Classical Connection

Mozart Music

Discovering the link between classical music, and improved productivity began my junior year in high school. I had a savvy biology teacher who knew that playing Beethoven to a classroom full of teenagers would have a positive effect on us whether we were taking a test, or dissecting a frog. To this day I have fond memories of that year, and nearly twenty years later she’s still teaching, and no doubt imparting her musical wisdom onto the next generation. It doesn’t take a scientist to tell us that music has remarkable effects on the brain, and why innovations like Baby Mozart are starting kids off from birth. Whether you’re listening to it at the office, or whilst cleaning the house, there’s a significant difference in overall mood, and project outcome when you’re working along to a cascading piano concerto versus a television infomercial blaring in the background.

What is it about classical music that has such a profound effect on how we perform? We use dance music to get us through a workout, and Bob Seger to fuel a road trip, but when it comes to getting some serious brain work done, nothing does it better than A Little Night Music. There’s an intellectual complexity about listening to the classics, which has been researched as the “Mozart Effect.” In a study published by the Center for the Neurobiology of Learning and Memory at the University of California, one of three groups of college students was evaluated after listening to 10 minutes of Mozart, resulting in a higher IQ test score in comparison to the other two groups.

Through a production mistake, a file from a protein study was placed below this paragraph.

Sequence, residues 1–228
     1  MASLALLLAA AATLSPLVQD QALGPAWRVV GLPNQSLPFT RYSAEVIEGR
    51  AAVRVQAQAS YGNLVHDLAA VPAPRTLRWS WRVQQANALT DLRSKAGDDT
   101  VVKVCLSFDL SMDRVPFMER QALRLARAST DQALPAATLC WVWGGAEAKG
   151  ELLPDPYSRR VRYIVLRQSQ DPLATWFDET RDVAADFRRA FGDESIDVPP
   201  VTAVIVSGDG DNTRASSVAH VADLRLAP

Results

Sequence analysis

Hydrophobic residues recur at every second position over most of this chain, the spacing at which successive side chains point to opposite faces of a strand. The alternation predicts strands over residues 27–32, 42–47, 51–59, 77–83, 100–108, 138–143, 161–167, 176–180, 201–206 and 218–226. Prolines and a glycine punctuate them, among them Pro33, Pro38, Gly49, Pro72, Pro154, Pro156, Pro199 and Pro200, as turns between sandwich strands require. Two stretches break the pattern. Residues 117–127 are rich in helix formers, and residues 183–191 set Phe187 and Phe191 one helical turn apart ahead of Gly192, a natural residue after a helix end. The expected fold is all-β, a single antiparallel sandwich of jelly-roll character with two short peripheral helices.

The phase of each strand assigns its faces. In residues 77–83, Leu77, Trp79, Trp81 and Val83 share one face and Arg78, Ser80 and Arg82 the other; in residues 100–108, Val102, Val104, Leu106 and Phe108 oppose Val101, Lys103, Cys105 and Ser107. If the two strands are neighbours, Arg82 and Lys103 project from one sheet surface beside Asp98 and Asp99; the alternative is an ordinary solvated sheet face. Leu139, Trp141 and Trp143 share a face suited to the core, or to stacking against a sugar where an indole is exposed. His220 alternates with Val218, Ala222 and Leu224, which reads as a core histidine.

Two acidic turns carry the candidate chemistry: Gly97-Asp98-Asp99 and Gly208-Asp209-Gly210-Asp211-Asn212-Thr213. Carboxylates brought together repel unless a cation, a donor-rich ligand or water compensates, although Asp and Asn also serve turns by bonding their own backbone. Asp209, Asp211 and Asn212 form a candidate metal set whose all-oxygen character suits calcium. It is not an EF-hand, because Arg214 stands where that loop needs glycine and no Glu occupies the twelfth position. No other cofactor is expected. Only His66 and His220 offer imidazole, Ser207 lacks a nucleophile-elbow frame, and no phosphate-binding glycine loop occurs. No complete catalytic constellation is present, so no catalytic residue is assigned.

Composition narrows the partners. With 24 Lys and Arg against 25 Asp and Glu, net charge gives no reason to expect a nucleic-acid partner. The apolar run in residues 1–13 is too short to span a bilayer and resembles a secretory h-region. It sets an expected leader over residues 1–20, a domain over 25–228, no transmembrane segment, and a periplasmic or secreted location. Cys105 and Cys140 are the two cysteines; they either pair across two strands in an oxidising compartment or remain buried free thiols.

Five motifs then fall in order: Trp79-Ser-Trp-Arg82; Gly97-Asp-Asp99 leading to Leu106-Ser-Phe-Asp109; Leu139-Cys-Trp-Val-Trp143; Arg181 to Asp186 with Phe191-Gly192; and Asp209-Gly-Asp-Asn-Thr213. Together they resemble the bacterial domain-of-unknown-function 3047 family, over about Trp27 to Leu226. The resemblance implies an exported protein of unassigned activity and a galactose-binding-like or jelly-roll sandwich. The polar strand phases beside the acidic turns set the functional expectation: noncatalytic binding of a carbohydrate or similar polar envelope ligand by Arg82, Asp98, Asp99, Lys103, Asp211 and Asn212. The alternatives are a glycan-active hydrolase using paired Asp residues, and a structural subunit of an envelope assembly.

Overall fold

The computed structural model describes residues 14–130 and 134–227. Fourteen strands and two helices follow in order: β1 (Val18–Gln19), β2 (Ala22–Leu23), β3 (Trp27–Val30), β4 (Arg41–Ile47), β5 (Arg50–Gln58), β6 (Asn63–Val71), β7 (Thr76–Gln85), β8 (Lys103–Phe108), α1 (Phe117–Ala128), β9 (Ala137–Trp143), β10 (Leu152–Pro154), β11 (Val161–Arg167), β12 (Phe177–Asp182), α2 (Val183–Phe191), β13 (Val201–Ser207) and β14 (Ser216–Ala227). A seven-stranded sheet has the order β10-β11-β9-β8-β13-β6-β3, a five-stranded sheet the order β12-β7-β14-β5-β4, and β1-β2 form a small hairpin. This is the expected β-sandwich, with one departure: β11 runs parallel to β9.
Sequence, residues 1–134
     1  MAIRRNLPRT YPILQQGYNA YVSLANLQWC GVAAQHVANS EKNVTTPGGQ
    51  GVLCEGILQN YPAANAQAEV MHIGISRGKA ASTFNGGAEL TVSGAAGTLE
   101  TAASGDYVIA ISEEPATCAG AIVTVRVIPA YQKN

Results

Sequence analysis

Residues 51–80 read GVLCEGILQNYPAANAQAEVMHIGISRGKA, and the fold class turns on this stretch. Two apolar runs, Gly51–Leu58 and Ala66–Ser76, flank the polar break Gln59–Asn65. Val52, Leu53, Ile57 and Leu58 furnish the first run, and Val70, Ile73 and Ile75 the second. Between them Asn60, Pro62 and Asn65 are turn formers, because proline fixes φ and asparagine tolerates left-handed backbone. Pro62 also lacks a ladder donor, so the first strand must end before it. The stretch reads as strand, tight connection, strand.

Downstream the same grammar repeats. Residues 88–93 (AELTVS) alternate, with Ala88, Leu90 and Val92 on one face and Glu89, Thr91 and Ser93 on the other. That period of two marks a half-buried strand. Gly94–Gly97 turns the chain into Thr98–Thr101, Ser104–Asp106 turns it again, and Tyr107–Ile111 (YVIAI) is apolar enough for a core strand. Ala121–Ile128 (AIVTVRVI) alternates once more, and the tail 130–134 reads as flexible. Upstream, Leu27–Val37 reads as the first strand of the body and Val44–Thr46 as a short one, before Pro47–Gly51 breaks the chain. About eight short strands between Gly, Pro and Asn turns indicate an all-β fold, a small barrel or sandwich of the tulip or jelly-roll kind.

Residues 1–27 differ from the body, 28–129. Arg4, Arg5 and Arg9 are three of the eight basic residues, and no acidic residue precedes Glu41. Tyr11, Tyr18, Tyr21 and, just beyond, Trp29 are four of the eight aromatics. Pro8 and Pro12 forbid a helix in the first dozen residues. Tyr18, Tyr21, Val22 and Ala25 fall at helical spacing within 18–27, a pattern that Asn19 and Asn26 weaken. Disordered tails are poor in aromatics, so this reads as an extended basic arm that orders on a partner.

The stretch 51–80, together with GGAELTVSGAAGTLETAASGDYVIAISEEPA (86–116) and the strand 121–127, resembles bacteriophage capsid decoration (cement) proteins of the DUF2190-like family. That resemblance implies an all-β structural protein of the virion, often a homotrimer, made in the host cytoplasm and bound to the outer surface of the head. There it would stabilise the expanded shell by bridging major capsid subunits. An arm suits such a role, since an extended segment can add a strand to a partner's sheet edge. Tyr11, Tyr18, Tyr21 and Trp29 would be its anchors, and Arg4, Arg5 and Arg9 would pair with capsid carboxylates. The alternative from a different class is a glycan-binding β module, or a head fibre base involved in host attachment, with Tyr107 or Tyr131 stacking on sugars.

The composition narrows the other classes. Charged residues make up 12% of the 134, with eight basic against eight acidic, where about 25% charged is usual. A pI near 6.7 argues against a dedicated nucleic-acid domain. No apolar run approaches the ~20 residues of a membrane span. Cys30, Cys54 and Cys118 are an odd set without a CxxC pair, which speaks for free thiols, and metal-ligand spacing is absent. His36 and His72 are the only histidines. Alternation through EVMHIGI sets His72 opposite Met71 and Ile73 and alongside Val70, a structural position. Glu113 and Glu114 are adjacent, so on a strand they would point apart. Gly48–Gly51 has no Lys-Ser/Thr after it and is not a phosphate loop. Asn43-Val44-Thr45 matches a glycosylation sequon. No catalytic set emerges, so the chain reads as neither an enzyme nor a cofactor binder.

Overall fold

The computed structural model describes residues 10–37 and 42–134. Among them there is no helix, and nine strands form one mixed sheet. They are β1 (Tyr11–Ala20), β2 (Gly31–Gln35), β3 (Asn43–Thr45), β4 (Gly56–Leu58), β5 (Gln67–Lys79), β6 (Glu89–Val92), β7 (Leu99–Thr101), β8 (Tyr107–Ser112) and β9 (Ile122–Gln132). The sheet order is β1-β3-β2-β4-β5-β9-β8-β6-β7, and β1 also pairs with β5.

Though we might not need the Mozart Effect to cram for SAT’s, classical music has been shown to improve stress response, lower blood pressure, and boost concentration. Many hospitals and imaging centers are taking a therapeutic approach to music finding that it has a cathartic effect on both their patient’s, and staff in what would often be an uncomfortable, and sometimes frightening environment. At the Rochester, Minnesota Mayo Clinic, one local radio station partnered with the hospital to stream the classics directly into patient rooms as a way to encourage healing, and provide comfort. Feeling on edge? The next time you find yourself in a stressful situation whether you’re stuck in traffic, or waiting at the airport, try playing a little Bach, and notice if it lifts your spirits. The benefits of this genre of music are often felt on a subconscious level, but the noticeable effect it has on overall health, and well being makes it well worth a change of tune.


Rauscher, Frances H., et al. “Music and spatial task performance.” Nature, vol. 365, no. 6447, 1993, pp. 611–611., doi:10.1038/365611a0.
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